Abstract: The kinetochore links chromosomes to dynamic spindle microtubules and drives both chromosome congression and segregation. To do so, the kinetochore must hold on to depolymerizing and polymerizing microtubules. At metaphase, one sister kinetochore couples to depolymerizing microtubules, pulling its sister along polymerizing microtubules [1, 2]. Distinct kinetochore-microtubule interfaces mediate these behaviors: active interfaces transduce microtubule depolymerization into mechanical work, and passive interfaces generate friction as the kinetochore moves along microtubules [3, 4]. Despite a growing understanding of the molecular components that mediate kinetochore binding [5-7], we do not know how kinetochores physically interact with polymerizing versus depolymerizing microtubule bundles, and whether they use the same mechanisms and regulation to do so. To address this question, we focus on the mechanical role of the essential load-bearing protein Hec1 [8-11] in mammalian cells. Hec1's affinity for microtubules is regulated by Aurora B phosphorylation on its N-terminal tail [12-15], but its role at the interface with polymerizing versus depolymerizing microtubules remains unclear. Here we use laser ablation to trigger cellular pulling on mutant kinetochores and decouple sisters in vivo, and thereby separately probe Hec1's role on polymerizing versus depolymerizing microtubules. We show that Hec1 tail phosphorylation tunes friction along polymerizing microtubules and yet does not compromise the kinetochore's ability to grip depolymerizing microtubules. Together, the data suggest that kinetochore regulation has differential effects on engagement with growing and shrinking microtubules. Through this mechanism, the kinetochore can modulate its grip on microtubules over mitosis and yet retain its ability to couple to microtubules powering chromosome movement.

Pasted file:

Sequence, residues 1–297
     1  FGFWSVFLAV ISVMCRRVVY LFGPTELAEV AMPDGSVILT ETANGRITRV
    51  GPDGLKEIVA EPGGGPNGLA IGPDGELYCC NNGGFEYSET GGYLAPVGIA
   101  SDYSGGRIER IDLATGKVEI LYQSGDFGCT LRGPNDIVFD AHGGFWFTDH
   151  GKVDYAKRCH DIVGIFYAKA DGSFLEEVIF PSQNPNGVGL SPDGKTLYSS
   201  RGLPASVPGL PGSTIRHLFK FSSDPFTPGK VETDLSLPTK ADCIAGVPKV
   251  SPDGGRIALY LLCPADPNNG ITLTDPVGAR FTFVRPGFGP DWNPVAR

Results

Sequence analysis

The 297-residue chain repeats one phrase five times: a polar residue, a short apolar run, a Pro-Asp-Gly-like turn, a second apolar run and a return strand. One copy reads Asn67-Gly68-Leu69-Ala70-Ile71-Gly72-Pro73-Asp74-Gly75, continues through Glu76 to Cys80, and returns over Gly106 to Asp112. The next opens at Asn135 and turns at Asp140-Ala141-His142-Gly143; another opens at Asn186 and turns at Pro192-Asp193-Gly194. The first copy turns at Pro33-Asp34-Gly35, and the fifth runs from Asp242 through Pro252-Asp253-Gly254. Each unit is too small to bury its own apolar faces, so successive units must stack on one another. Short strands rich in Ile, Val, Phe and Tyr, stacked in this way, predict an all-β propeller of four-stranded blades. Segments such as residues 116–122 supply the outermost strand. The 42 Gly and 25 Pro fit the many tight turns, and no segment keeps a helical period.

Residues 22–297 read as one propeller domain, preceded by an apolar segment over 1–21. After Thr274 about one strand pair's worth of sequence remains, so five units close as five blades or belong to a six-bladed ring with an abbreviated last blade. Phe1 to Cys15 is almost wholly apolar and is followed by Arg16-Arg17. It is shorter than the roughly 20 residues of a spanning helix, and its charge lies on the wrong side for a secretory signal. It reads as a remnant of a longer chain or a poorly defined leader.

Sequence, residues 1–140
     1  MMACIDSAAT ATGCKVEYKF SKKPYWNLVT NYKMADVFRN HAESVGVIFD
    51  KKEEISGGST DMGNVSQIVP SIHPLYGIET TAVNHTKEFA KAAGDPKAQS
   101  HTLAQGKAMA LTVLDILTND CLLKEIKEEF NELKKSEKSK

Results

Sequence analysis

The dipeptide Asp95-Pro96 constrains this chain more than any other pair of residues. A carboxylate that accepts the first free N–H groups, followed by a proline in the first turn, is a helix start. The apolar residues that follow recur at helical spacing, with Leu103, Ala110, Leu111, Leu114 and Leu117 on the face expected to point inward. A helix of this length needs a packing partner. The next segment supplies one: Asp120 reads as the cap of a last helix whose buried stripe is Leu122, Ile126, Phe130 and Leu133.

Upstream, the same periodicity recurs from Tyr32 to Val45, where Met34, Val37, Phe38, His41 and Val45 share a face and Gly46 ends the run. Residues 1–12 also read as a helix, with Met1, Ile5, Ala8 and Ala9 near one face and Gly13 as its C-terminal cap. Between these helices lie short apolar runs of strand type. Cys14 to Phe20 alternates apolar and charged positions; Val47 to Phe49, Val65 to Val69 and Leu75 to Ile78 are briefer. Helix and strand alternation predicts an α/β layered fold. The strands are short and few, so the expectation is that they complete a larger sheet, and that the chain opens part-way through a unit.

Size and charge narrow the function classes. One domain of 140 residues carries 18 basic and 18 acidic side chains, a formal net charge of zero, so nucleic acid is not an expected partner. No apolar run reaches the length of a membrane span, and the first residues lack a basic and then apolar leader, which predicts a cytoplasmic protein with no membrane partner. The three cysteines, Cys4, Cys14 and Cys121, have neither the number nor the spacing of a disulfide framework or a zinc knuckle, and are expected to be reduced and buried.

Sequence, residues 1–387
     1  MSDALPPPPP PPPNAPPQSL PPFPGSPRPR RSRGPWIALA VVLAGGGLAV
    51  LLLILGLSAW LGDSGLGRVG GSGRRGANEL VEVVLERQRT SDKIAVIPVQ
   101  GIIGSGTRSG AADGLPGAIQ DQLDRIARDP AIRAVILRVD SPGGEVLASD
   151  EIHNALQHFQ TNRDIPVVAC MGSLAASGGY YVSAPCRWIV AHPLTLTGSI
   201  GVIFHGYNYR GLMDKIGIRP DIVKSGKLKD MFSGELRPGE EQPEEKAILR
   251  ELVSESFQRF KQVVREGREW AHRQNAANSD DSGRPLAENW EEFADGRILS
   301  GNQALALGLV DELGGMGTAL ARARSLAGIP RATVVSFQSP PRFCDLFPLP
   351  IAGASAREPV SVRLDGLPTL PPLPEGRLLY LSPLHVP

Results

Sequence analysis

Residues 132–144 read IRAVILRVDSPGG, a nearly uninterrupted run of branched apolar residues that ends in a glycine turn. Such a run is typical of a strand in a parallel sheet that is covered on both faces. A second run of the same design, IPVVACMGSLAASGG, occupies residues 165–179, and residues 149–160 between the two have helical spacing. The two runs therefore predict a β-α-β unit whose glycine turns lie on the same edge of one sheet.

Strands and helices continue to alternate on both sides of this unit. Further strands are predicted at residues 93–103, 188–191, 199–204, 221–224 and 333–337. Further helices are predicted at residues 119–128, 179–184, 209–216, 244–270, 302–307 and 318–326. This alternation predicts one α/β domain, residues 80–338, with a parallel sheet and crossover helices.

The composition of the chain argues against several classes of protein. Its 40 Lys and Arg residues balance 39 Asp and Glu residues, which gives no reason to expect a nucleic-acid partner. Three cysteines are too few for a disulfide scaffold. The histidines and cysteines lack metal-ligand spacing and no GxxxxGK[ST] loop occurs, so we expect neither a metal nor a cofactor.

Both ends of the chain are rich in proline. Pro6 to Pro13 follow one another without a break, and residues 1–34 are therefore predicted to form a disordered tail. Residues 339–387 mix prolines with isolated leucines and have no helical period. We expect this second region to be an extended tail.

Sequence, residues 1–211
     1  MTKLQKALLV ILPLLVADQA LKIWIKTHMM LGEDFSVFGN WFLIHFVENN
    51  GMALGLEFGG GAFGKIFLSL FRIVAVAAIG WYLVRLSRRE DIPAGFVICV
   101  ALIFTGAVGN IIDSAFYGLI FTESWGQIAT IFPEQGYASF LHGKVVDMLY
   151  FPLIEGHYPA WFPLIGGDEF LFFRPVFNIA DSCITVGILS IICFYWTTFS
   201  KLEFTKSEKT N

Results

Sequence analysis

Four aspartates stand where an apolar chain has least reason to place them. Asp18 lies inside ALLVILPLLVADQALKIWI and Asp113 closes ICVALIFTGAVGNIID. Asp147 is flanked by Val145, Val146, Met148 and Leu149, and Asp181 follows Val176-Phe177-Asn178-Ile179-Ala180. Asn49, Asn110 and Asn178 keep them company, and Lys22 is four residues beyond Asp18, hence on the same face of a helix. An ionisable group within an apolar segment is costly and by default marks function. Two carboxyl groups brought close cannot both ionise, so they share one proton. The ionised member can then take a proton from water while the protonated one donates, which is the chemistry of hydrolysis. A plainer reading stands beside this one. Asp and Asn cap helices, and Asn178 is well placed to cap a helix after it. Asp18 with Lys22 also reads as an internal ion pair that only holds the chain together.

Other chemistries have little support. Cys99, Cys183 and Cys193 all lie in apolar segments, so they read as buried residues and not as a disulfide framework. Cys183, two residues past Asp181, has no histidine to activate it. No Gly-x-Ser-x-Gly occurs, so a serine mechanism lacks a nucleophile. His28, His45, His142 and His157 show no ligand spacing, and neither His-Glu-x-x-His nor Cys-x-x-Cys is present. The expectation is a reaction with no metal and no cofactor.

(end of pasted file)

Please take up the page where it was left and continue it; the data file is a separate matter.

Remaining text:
Pub.: 30 May '17, Pinned: 29 Jun '17
Abstract: Faithful chromosome segregation during mitosis requires that the kinetochores of all sister chromatids become stably connected to microtubules derived from opposite spindle poles. How stable chromosome bi-orientation is accomplished and coordinated with anaphase onset remains incompletely understood. Here we show that stable chromosome bi-orientation requires inner centromere localization of the non-enzymatic subunits of the chromosomal passenger complex (CPC) to maintain centromeric cohesion. Precise inner centromere localization of the CPC appears less relevant for Aurora B-dependent resolution of erroneous kinetochore-microtubule (KT-MT) attachments and for the stabilization of bi-oriented KT-MT attachments once sister chromatid cohesion is preserved via knock-down of WAPL. However, Aurora B inner centromere localization is essential for mitotic checkpoint silencing to allow spatial separation from its kinetochore substrate KNL1. Our data infer that the CPC is localized at the inner centromere to sustain centromere cohesion on bi-oriented chromosomes and to coordinate mitotic checkpoint silencing with chromosome bi-orientation.